Cash Acceptance Debate

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Department: HM Treasury
Monday 20th March 2023

(1 year, 2 months ago)

Westminster Hall
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Martyn Day Portrait Martyn Day
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Absolutely, and I will come to that later in my speech. I hope the Minister takes cognisance of that well-made point.

There are also those who have valid privacy concerns about electronic payments. In an age of technology, algorithms, digital footprints and cyber-crimes, it is understandable that some—perhaps many—of our constituents would prefer the financial privacy offered by cash transactions. Some constituents wrote to me in recent weeks to make that point. Many stated that they regard barriers to using cash as a violation of their right to privacy. Cash clearly remains an important and valued part of our transactional landscape. As such, the ability to access and use cash must be protected.

In their response to both petitions, the Government state:

“The Government does not intend to mandate cash acceptance.”

They say that they will instead make provisions through the Financial Services and Markets Bill to ensure reasonable access to infrastructure such as withdrawal and deposit facilities. Of course, the availability of such infrastructure is clearly a concern for consumers and businesses. In Scotland, 53% of bank branches have closed since 2015, and since 2018 some 20% of Scotland’s free-to-use ATMs have closed. In many communities, banks have withdrawn completely, often leaving the post offices as the last place in town to do basic banking.

Damien Moore Portrait Damien Moore (Southport) (Con)
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The hon. Gentleman is talking about banks closing; the bank on my high street is still open but will not give cash and directs people to the post office. Does he agree that it is appalling that we have banks on our high streets that are not providing the services that customers want?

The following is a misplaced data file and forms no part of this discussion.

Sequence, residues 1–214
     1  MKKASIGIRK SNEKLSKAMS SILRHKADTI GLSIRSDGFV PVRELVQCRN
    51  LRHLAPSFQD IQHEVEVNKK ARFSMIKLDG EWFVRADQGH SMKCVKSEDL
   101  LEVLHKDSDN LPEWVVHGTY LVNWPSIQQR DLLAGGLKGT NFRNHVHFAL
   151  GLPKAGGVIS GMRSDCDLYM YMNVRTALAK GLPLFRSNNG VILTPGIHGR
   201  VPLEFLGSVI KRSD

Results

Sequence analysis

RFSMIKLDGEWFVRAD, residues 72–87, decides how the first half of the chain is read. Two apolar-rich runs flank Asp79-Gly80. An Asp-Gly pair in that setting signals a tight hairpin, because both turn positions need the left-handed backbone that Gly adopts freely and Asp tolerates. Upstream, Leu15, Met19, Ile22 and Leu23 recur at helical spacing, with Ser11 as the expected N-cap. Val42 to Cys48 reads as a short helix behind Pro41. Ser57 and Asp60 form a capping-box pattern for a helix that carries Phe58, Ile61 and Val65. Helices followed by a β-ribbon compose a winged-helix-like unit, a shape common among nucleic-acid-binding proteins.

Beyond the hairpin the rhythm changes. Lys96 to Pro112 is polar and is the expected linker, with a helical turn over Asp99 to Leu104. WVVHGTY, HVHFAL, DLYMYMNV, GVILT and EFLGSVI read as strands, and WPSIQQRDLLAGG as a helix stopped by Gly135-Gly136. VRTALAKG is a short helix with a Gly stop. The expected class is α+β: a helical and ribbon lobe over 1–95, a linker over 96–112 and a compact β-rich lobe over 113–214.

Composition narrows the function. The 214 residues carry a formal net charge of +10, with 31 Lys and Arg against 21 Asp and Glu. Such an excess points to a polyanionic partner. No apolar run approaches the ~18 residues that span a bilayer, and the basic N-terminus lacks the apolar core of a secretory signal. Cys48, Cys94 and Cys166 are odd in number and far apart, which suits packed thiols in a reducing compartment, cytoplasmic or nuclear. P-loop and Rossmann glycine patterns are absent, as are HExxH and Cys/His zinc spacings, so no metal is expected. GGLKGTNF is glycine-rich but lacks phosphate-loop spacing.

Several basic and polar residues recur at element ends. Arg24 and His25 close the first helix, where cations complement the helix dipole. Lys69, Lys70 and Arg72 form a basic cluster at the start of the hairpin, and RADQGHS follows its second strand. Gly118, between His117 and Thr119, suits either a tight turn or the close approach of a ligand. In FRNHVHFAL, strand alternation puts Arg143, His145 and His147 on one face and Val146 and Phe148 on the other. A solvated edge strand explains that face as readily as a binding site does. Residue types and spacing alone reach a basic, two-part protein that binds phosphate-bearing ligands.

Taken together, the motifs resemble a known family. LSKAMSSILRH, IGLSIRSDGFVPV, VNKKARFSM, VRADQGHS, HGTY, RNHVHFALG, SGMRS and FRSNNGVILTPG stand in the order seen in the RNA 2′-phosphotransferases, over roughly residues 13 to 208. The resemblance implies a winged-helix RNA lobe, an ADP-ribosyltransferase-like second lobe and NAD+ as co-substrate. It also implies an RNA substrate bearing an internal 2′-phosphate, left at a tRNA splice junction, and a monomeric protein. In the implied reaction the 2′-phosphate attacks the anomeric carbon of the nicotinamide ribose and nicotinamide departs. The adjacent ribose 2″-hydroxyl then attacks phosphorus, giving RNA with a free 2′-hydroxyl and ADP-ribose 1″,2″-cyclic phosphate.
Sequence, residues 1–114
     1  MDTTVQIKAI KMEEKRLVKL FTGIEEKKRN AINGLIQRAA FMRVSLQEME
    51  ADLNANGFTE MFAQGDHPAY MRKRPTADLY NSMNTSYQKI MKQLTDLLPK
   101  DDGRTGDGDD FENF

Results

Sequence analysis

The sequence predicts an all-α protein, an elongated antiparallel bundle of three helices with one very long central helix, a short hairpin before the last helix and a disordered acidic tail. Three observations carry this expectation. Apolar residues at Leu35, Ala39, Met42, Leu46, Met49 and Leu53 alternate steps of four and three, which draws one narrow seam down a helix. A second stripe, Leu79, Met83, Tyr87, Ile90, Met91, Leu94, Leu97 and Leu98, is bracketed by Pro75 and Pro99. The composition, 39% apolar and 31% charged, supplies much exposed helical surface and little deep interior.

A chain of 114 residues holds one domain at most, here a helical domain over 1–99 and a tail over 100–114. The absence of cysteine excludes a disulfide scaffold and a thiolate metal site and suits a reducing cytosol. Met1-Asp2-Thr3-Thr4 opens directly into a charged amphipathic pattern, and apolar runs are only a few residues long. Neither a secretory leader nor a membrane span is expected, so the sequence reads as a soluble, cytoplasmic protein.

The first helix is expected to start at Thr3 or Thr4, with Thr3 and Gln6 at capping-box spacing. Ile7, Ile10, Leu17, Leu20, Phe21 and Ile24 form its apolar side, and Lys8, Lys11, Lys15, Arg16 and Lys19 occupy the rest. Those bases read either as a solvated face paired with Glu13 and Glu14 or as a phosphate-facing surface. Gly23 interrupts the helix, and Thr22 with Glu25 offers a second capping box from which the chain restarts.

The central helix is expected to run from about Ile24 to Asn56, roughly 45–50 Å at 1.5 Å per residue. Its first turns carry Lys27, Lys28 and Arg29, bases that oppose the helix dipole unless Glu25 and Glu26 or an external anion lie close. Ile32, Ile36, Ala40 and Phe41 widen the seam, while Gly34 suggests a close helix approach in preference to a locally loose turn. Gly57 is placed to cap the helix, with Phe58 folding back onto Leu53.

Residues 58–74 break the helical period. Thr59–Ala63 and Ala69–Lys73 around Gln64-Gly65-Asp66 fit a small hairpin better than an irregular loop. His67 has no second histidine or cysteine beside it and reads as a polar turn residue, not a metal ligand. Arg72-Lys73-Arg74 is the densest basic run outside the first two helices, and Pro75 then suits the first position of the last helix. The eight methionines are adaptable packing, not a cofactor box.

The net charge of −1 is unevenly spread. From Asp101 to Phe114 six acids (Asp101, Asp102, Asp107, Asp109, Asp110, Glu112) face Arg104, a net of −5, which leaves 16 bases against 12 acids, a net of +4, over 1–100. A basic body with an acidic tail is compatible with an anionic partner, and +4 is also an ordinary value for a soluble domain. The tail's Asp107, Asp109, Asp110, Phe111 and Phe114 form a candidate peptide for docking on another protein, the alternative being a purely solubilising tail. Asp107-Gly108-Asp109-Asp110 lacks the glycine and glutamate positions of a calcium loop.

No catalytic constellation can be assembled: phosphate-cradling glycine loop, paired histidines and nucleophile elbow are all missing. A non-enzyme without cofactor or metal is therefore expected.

Martyn Day Portrait Martyn Day
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Absolutely; the hon. Gentleman makes a good point, for which I thank him. I am flabbergasted that a bank is not dealing with cash—it beggars belief.

The issues raised need to be addressed, but protecting access to cash is not the same as protecting the right to use cash—a right that, for many, amounts to an absolute necessity. For some of our constituents, not being able to use cash is a profound barrier in everyday life. Cash can be a vital means of budgeting. As noted in the 2019 access to cash review, that is especially true for those on lower incomes. The 2022 cash census identified that there are cash users who are highly dependent on cash for budgeting and would struggle to swich to digital payments. It concluded that 15 million people in the UK use cash to budget. That is backed up by the responses to the Petitions Committee survey: 61% of respondents stated that they use cash to budget.

Earlier, I touched on the impact of cash refusal on vulnerable groups, to which I now return. The access to cash review drew a stark conclusion. It identified that more than 8 million adults in the UK

“would struggle to cope in a cashless society. For many people in the UK, using cash is not a matter of choice, but of necessity.”

It highlighted that

“poverty is the biggest indicator of cash dependency”.

Dependence on cash is closely tied to barriers to digital connectivity—for example, for those living in rural areas and those with low or no digital engagement.

In its 2022 policy briefing on the subject, Age Scotland raised the importance of cash for older people. It highlighted that many on low or fixed incomes prefer to use cash to budget. It also noted that

“140,000 adults in Scotland do not have bank accounts”,

and that

“34%...of over 60s in Scotland do not use the internet”.

Furthermore, a 2020 survey by the Financial Conduct Authority explored the relationship between cash usage and factors including education, health and wealth. It noted that 26% of those in poor health use cash to a great extent, and that some people with physical or cognitive disabilities find payment methods other than cash difficult to use.